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Northrop Grumman sees bright future for MQ-8 despite US Navy divestments

A Northrop Grumman MQ-8C aboard the USS Jason Dunham in 2021. (Northrop Grumman)

Despite the US Navy's (USN's) recent cuts, entirely divesting the MQ-8B and cutting the follow-on MQ-8C fleet to eight operational helicopters, Northrop Grumman anticipates a bright future for the Fire Scout unmanned aerial vehicle (UAV).

Both Northrop Grumman and the USN are focused on expanding the MQ-8's role. The helicopter was built to give Littoral Combat Ships (LCSs) an intelligence, surveillance, and reconnaissance (ISR) capability, using its Forward Looking InfraRed (FLIR) Systems Brite Star II electro-optical payload and Leonardo Aperture radar to remotely detect targets and threats. The data from these sensors is sent back to the ship and distributed from there, but the USN has of late stressed on feeding data into a digital cloud and distributing it immediately and widely to provide a common operation picture for any forces in the region.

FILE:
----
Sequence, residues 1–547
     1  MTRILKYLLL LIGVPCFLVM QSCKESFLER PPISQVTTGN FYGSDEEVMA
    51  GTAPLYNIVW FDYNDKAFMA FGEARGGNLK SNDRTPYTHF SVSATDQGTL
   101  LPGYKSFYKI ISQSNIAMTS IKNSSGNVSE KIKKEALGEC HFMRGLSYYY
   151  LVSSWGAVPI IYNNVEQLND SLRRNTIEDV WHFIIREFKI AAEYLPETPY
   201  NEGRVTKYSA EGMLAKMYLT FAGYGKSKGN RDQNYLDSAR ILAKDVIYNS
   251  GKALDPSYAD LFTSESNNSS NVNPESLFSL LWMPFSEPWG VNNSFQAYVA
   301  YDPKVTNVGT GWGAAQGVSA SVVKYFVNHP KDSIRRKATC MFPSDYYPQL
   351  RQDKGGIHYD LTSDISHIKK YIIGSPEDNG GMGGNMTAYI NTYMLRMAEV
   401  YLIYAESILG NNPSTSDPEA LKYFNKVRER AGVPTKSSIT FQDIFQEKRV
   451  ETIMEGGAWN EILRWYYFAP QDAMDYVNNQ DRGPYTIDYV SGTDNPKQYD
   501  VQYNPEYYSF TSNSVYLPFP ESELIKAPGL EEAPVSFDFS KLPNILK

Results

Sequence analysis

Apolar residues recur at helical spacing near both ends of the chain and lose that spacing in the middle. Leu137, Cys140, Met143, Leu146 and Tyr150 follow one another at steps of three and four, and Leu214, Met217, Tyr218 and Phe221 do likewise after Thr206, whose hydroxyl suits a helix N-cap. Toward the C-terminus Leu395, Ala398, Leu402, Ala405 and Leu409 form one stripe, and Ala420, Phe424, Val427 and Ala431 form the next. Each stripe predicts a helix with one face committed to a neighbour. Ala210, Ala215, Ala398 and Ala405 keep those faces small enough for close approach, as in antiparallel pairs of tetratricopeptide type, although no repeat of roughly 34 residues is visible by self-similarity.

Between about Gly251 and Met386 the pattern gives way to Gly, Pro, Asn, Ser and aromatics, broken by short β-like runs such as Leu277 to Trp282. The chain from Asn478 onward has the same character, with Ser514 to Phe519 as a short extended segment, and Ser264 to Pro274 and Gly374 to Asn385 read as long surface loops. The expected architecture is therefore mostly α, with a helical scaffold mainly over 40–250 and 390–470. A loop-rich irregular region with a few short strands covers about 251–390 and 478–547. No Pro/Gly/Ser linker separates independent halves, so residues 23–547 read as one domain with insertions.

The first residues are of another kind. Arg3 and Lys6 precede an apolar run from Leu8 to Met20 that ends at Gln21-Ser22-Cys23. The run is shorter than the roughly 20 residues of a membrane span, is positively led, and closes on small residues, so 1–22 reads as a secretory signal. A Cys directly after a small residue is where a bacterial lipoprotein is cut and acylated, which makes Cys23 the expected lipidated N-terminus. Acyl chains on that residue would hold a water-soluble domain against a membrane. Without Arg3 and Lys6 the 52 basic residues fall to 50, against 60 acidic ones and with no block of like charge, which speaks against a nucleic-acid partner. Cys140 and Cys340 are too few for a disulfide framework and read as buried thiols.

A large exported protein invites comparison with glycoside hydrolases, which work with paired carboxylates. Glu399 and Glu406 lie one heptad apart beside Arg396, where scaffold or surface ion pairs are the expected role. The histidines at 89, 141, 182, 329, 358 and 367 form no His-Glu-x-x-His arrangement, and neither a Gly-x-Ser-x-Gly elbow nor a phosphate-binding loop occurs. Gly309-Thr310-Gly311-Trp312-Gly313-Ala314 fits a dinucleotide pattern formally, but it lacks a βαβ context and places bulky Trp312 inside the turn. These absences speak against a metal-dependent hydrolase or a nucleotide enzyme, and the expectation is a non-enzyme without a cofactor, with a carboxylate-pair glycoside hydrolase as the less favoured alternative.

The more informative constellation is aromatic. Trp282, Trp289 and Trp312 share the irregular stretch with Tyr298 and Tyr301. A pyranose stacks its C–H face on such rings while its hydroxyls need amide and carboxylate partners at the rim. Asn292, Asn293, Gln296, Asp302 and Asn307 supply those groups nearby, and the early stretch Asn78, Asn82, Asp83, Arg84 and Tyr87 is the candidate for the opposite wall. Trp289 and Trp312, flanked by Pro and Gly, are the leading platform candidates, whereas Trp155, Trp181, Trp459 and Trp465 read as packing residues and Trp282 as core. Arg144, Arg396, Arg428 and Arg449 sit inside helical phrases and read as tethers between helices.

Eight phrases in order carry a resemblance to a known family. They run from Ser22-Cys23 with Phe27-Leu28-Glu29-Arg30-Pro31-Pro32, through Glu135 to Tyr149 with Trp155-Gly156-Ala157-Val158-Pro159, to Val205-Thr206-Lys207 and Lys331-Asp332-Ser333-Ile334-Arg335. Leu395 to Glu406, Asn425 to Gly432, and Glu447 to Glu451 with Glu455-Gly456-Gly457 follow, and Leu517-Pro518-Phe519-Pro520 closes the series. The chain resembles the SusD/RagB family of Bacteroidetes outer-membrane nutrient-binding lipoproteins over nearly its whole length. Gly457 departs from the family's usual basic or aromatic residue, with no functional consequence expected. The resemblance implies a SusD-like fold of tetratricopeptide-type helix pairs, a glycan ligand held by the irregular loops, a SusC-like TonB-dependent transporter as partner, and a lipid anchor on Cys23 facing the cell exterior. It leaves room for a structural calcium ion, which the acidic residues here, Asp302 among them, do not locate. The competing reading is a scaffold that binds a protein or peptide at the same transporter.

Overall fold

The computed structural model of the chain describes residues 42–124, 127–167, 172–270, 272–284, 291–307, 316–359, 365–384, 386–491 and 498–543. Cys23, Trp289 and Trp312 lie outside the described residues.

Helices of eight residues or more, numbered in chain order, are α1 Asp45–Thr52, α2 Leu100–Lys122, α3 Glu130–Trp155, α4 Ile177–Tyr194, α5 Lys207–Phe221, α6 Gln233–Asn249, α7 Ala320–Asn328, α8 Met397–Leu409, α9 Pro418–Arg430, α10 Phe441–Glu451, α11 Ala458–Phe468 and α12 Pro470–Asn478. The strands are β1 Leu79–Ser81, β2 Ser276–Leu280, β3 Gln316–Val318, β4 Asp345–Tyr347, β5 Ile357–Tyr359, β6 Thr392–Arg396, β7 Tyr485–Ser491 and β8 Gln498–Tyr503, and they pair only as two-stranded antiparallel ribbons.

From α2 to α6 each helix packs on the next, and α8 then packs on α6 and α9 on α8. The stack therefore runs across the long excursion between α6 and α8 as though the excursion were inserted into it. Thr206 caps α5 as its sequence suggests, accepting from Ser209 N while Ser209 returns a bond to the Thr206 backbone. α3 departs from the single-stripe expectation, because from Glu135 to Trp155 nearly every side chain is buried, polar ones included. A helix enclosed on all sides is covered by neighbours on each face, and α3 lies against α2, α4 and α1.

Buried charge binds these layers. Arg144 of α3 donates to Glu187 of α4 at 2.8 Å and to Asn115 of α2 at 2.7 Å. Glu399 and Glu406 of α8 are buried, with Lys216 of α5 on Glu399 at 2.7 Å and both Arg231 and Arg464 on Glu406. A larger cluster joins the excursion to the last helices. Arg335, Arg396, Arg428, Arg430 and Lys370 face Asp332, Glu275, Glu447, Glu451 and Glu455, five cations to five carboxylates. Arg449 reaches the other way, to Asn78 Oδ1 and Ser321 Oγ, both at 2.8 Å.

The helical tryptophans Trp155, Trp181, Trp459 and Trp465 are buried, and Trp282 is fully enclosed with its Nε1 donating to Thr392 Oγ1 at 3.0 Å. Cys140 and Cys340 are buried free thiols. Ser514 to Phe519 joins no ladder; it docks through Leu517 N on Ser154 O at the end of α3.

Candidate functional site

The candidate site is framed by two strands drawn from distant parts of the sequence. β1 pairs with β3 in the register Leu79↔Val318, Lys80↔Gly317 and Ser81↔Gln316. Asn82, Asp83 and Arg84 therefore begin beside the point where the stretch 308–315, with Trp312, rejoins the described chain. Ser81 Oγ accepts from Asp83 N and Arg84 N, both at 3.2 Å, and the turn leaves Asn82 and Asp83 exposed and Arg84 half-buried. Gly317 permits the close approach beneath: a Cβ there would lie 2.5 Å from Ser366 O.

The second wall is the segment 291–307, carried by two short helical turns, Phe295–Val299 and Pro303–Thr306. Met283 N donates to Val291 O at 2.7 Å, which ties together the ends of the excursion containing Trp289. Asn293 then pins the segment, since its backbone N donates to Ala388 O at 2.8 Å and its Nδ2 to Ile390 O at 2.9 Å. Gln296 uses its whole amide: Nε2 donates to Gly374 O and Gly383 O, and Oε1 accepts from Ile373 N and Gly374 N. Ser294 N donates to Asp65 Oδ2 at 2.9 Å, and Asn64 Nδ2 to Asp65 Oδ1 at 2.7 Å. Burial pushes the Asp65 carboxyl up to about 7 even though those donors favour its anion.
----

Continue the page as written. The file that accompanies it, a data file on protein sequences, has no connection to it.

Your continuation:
β€œWe are constantly making improvements to the system,” Lance Eischeid, Northrop Grumman's MQ-8 programme manager, told Janes . β€œ[One thing] on our road map is a datalink that will allow [the USN] to share the sensor tracks and data with other users. Right now, we have a tactical datalink that pipes our sensor data back to the control station on the ship. But we want to be able to broadcast that to other air assets and other ships so that sensor data can be utilised for any shooter.”

The company is exploring the use of satellite communications (satcom). While current use is limited to line-of-sight communications with the host ship, limiting the UAV's operational range to roughly 150 nm, satcom could extend its useful range to 600 nm or more.

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